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I remember reading this passage in the "Feynman Lectures", where Dr. Feynman describes an experiment in which a theoretical metal rod of length equal to the distance between Mars and Earth is arranged between mars and earth. Then the "rod handler" on earth gives the rod a push upwards. So the question posed is, will the rod instantaneously move backwards on Mars? He then proceeds to say that actually the movement will be felt roughly after the time it would take for sound to propagate from Earth to Mars i.e. at the speed of sound. This is because the atoms in the rod actually propagate their position at the speed of sound. See also this Phys.SE post and links therein. My question is: If this were true, how is supersonic travel possible? Won't there be a scenario where the atoms in the components of the aircraft won't "catch up" because the propagation of the new positions is slower than the actual speed? Won't the aircraft disintegrate?

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Sound traveling through an aircraft propagates at a speed relative to the aircraft, so no, it can't go so fast that the atoms can't communicate via vibrations any more. If sound moves through the aircraft at 1000 m/s and the plane is flying past you at 1500 m/s, you will observe a sound wave to travel from back to front at 2500 m/s.

When an jet accelerates, it does indeed compress a bit, since it takes a short time (hundredths of a second) for the front of the plane to know the back is accelerating. However, the plane feels only acceleration, not velocity. The plane cannot in principle detect its own velocity due to the principle of relativity. If the plane accelerated hard enough, yes it could buckle up on itself.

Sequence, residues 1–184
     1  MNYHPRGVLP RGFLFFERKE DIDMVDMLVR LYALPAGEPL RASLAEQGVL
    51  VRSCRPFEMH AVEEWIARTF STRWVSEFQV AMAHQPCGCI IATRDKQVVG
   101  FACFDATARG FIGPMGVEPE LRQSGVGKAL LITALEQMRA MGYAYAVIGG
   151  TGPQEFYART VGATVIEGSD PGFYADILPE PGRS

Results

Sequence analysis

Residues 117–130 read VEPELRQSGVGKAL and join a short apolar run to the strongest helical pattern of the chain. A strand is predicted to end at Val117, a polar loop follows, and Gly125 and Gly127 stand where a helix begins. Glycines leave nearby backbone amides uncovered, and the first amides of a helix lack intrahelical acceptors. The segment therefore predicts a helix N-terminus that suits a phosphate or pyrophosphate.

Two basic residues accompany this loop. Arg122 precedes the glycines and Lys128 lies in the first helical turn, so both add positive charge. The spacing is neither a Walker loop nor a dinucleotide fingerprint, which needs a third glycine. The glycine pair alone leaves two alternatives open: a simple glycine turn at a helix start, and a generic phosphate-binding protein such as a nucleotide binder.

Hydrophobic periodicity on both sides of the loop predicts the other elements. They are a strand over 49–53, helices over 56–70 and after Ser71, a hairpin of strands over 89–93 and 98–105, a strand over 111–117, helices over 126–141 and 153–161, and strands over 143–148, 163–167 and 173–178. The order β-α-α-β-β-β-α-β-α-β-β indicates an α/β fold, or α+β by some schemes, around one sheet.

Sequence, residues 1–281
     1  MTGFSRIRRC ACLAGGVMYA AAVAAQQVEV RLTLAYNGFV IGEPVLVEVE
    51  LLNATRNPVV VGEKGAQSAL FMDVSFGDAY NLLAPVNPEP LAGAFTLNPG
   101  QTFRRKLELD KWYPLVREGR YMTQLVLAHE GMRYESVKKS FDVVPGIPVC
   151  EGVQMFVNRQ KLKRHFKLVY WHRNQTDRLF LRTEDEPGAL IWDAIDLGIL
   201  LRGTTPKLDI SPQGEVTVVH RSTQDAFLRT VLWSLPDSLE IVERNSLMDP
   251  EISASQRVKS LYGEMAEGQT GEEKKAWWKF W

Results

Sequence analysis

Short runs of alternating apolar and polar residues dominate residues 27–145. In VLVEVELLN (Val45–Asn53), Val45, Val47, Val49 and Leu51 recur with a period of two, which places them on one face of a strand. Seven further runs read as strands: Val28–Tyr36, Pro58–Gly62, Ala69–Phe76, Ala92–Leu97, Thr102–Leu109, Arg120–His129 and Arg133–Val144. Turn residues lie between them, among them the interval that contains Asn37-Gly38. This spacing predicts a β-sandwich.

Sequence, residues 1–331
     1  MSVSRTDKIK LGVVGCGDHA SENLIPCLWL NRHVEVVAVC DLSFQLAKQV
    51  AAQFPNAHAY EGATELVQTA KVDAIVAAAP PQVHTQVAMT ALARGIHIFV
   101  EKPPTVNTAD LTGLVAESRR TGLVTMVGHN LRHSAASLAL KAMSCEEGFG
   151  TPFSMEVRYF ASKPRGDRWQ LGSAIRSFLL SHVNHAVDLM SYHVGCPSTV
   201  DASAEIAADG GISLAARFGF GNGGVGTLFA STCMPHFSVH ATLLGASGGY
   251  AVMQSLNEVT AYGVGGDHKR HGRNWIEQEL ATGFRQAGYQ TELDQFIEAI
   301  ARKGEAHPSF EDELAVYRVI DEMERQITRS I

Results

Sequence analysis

You may also be interested to know that shocks frequently travel through materials faster than their sound speeds, and that you could in principle send a message along a pole faster than the speed of sound in the pole. It is not a fundamental limit like the speed of light.

Also, when people talk about supersonic travel, they mean the craft is traveling through the air faster than the speed of sound in the air, not that it's traveling through air faster than the speed of sound in its own material, which wouldn't be very physically meaningful, and also never really happens since the speed of sound in metals is very fast.

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About your remark "that shocks frequently travel through materials faster than their sound speeds", is that referring to solitons ? I tried to find information on this, and solitons in solids, on the web, but I found little that is readily understandable. Or should I ask a separate question on the site ? –  babou Jul 29 '13 at 11:49
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